Realized net income for Canadian farmers declines

Livestock revenues were up 5.1% in 2017, following a 6.7% drop the previous year

Mario ToneguzziRealized net income for Canadian farmers  fell 3.6 per cent in 2017 to $7.0 billion, following three consecutive annual increases, according to a report released on Tuesday by Statistics Canada.

The federal agency explained that realized net income is the difference between a farmer’s cash receipts and operating expenses, minus depreciation, plus income in kind.

“A small gain in farm cash receipts was more than offset by a stronger increase in operating expenses and rising depreciation charges. Realized net income declined in four provinces: Nova Scotia, Quebec, Ontario and Saskatchewan,” said Stats Can.

“Farm cash receipts, which include crop and livestock revenues as well as program payments, grew 2.3 per cent to $62.0 billion in 2017, following a 1.0 per cent rise the previous year. This was the seventh consecutive annual increase. Farm cash receipts rose in every province except Nova Scotia (-5.1 per cent) and Saskatchewan (-0.4 per cent). Gains in Alberta and Manitoba accounted for more than 85 per cent of the national increase.”

The federal agency said market receipts increased 2.4 per cent to $59.6 billion in 2017, with rising livestock receipts the major contributor. Market receipts are the product of price and marketings. Marketings are quantities sold, using various units of measure.

“Livestock revenues totalled $25.1 billion, up 5.1 per cent in 2017, following a 6.7 per cent drop the previous year. Gains were reported throughout the sector as supply-managed, hog and cattle and calf receipts all increased.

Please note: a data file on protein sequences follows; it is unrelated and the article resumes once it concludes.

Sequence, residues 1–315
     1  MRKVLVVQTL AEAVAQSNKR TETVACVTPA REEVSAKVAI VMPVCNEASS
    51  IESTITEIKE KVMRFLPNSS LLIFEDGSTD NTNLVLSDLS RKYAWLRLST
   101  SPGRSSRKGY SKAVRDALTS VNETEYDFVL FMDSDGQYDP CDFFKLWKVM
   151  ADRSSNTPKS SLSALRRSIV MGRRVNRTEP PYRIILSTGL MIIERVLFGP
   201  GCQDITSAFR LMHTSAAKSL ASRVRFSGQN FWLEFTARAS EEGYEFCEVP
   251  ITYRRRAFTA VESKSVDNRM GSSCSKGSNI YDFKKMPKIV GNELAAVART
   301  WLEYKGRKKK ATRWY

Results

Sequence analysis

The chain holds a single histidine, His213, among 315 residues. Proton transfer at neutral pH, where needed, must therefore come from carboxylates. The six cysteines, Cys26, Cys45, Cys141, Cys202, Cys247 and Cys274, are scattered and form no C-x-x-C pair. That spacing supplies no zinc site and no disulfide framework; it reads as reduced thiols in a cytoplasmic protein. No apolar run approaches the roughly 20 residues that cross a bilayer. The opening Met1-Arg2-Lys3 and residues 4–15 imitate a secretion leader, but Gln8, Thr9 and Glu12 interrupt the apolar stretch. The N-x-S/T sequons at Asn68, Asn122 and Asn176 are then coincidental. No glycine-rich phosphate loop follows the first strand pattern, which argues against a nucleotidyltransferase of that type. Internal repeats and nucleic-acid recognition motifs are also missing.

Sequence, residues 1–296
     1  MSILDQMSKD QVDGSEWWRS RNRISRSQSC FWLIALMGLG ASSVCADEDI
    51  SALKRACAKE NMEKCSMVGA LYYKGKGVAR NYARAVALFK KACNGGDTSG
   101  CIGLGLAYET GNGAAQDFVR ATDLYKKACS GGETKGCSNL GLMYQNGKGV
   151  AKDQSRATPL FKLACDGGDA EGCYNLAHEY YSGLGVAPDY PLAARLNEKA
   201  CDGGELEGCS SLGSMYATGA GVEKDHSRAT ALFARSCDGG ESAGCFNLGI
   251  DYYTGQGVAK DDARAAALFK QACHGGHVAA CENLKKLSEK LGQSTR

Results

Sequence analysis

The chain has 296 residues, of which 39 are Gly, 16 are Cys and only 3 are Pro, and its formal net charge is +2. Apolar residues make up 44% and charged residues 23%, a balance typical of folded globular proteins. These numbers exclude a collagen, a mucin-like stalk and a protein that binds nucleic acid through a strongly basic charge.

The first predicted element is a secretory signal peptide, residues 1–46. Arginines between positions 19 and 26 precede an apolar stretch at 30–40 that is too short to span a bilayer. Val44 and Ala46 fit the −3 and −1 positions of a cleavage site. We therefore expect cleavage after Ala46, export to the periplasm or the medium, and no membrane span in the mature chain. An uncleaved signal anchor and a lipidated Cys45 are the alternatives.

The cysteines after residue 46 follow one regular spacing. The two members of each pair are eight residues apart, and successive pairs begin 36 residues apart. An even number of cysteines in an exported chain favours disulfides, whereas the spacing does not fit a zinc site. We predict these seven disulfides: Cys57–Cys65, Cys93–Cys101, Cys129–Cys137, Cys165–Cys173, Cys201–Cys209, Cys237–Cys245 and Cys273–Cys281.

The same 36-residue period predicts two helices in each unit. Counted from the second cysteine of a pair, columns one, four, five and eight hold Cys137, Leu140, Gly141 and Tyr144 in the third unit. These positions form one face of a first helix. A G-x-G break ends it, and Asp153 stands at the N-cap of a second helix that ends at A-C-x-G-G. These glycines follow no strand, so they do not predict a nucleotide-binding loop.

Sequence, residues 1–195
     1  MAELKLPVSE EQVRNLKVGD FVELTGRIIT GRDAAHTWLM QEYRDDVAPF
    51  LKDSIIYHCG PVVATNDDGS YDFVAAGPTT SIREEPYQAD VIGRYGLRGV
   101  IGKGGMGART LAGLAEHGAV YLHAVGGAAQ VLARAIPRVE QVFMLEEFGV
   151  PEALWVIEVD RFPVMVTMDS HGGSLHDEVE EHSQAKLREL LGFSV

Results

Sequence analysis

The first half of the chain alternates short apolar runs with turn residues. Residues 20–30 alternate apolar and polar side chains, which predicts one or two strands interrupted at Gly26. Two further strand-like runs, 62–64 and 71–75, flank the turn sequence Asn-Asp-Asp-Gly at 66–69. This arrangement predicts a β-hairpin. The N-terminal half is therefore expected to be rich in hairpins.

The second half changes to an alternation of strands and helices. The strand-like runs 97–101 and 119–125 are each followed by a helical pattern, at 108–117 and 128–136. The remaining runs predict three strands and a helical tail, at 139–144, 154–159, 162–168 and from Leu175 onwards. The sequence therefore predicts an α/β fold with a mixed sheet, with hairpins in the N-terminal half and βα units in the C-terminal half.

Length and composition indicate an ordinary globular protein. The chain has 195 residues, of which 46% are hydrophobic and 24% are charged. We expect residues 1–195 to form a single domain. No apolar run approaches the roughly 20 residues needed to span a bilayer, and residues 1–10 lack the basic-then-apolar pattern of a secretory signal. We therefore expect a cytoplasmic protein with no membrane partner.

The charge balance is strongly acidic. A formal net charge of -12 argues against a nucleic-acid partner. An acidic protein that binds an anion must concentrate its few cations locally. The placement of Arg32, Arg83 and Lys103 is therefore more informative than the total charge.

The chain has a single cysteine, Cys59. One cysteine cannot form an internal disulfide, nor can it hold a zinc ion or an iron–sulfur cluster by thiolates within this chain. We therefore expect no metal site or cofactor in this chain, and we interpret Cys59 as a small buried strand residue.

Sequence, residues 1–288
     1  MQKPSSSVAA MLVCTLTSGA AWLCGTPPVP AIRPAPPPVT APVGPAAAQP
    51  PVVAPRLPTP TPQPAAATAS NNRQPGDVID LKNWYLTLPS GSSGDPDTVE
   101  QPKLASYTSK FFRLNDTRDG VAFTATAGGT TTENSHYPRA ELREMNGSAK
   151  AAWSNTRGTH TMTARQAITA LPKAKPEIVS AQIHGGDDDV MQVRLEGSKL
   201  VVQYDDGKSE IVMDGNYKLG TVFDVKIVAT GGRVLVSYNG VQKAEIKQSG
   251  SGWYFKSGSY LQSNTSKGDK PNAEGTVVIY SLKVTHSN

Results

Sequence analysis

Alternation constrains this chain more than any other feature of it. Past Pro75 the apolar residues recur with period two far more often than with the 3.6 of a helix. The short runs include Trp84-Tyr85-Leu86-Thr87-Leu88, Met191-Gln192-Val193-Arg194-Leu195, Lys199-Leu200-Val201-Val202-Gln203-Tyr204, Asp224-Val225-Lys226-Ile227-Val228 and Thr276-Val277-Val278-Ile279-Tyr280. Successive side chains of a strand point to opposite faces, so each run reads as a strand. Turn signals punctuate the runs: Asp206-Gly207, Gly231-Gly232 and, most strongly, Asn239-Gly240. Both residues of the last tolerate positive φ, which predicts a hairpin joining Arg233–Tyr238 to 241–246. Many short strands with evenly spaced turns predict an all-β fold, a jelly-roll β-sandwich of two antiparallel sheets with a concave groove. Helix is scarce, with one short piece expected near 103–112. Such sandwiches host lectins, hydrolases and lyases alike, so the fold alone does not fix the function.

“The 4.8 per cent increase in supply-managed receipts was largely attributable to a 6.3 per cent rise in dairy receipts, driven by higher marketings. Increases in quantities sold also pushed poultry and egg revenues higher,” said Statistics Canada.

“After two years of decline, hog receipts grew 10.3 per cent as prices rose 8.4 per cent. Ongoing strength in pork exports propped up prices in spite of growing North American inventories. Revenues for cattle and calf producers were up 3.4 per cent on the strength of increased marketings, boosted, in part, by rising beef exports.

“Crop receipts edged up 0.6 per cent in 2017 to $34.5 billion, despite sharp declines in both lentil (-45.7 per cent) and dry pea (-29.2 per cent) revenues. These decreases followed a brief period of robust gains, which were mainly due to higher exports to India after poor growing conditions resulted in lentil and dry pea shortages there. As India’s growing conditions improved, demand for Canadian exports fell sharply, negatively affecting both prices and quantities sold. In late 2017, the Indian government imposed import duties on these crops, further weakening that export market.”

The federal agency said rising canola and wheat (excluding durum) receipts were major factors in pushing crop receipts slightly higher. Canola revenues increased 7.3 per cent as strong domestic and export markets drove prices and marketings higher. After falling 10.8 per cent in 2016, wheat (excluding durum) receipts rebounded in 2017, rising 13.2 per cent.


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